3. Taking a walk works for me. As does doing the dishes. I've never had any mystical explanations for it like Abram's; I just figured it occupied my body with some repetitive, mindless task while leaving my mind free to wander.

  4. I'm think the opposite, Maine Character - names really do matter. All we have to communicate the position, appearance, and worth (not in the monetary sense, but something like aesthetic value) of a flower comes from being able to describe it, as you did: 'strange wallflower' is its name for all us internetty viewers now. This essay sorta sums up what I think too -

    We'll never as individuals be pre-literate again, barring some terrible brain misfortune. We'll always have this barrier between us and the world, as thin and wide as the flashing cursor. But having words is a wonderous way of passing on those fleeting joys we struggle to hold on to.

  5. I'm definitely a walker. I don't do it necessarily to get ideas, just to clear my head, feel sane, and *prepare* myself to later be capable of coming up with ideas. Gardening in my tiny balcony garden seems to help, too.

  6. I've yet to develop any superstitions (he says as he hides his lucky rabbit foot) but I will say, hand on heart, that I am a walker. All of my best ideas come to me either on a ramble or a long journey somewhere.

  7. Dearest INTERN, I keep my ideas by having a rather delightfully mindless job! I go along to it every day to earn my keep, and that frees my mind to create and discover. I work with my husband, and we are now designing a video game together, and it has become increasingly frequent that our hours at work are entirely used for discussing respective plots, events, characters, important puzzles to solve, and naturally, the importance of names. ;) Walking is good, but I love to enjoy the things outside far too much, and I don't get to think about stories when I see ducks! And swans! And the trees! Those are all pretty things, and I absorb them. I do not mentally write when I walk. I mentally write when I work (or if I am on vacation, when I clean the house ;) ). This is a very good combination.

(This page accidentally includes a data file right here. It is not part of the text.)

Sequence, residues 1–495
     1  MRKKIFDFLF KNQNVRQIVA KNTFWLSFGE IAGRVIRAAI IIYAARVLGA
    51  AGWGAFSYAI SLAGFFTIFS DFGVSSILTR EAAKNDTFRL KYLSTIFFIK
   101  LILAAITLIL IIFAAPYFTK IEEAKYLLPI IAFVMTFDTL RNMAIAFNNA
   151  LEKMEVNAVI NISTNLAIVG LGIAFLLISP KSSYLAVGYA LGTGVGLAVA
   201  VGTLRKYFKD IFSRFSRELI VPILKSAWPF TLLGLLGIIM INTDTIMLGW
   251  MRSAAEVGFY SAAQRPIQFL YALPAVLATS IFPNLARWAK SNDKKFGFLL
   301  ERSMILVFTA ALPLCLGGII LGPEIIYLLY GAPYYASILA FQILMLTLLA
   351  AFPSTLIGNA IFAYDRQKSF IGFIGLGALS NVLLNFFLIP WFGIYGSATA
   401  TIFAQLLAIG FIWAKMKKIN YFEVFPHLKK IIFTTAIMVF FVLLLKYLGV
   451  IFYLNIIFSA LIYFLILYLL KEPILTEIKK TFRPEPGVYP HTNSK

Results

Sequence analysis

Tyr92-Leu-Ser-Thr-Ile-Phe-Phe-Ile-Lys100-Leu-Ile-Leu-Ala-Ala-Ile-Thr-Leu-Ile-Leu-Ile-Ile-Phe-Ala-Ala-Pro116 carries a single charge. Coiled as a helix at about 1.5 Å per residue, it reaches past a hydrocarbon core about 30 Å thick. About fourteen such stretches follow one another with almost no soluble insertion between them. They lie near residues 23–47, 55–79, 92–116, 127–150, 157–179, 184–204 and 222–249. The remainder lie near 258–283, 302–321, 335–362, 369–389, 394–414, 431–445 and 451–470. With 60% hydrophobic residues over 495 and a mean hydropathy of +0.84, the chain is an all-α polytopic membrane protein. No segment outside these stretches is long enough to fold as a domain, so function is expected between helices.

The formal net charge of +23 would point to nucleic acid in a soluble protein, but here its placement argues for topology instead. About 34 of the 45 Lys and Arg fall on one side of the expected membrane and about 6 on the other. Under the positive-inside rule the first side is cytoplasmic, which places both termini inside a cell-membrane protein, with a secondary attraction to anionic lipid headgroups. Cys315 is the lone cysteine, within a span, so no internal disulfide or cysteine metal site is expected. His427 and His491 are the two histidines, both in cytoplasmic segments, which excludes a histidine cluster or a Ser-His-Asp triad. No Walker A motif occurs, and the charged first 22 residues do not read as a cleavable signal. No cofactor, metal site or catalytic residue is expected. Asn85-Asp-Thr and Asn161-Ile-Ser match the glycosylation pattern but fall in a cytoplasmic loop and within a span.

8. I blame my computer for writer's block. When it gets really bad, I switch to pen and paper and type it up later. Sometimes it helps to doodle and quote in the margins which you can't do in a MS Word document.

  9. That contrast of sealed off and permeable is pretty much a perfect description. I think it also has something to do with the narrow vision of staring at a screen versus the way standing under a full sky opens your eyes up. This is an entirely unscientific theory.

  10. On another note, if I only changed my underwear every hundred pages, I'd be cited as a toxic health hazard by now...

  11. I think this is exactly the reason I'm so much happier in pretty places - they force me to get out of my head for a change.

  12. Thank you for reminding me about David Abram's book! I read it in college, and it seriously resonated with me as well... I would recommend it to anyone who is interested in language, philosophy, and the self's connection to the greater world.

  13. In the summer I am lucky enough to write in my garden "office".

    Nothing is more freeing than penning prose while birds chirp and the wind gently breezes past.

    I'm sure this is akin to walking, but that would imply I'd have to move! LOL.

  14. I definitely agree about the power of fresh air - I think it's the stimulation of nature, the chemicals released by movement in the brain, and just the refreshing properties of taking a break that get our brains going and our synapses firing again :)

    I hope-hope-hope that INTERN, or someone else, publishes my manuscript :)

  15. I don't have a car in Japan, so I walk everywhere. It's fantastic!

    There is a reason why walking help. I don't know the scientific name, but if you're not consciously using your brain and your doing something rhytmic and relaxed, like walking or taking a shower or even watching dishes, then the subconscious comes to the fore.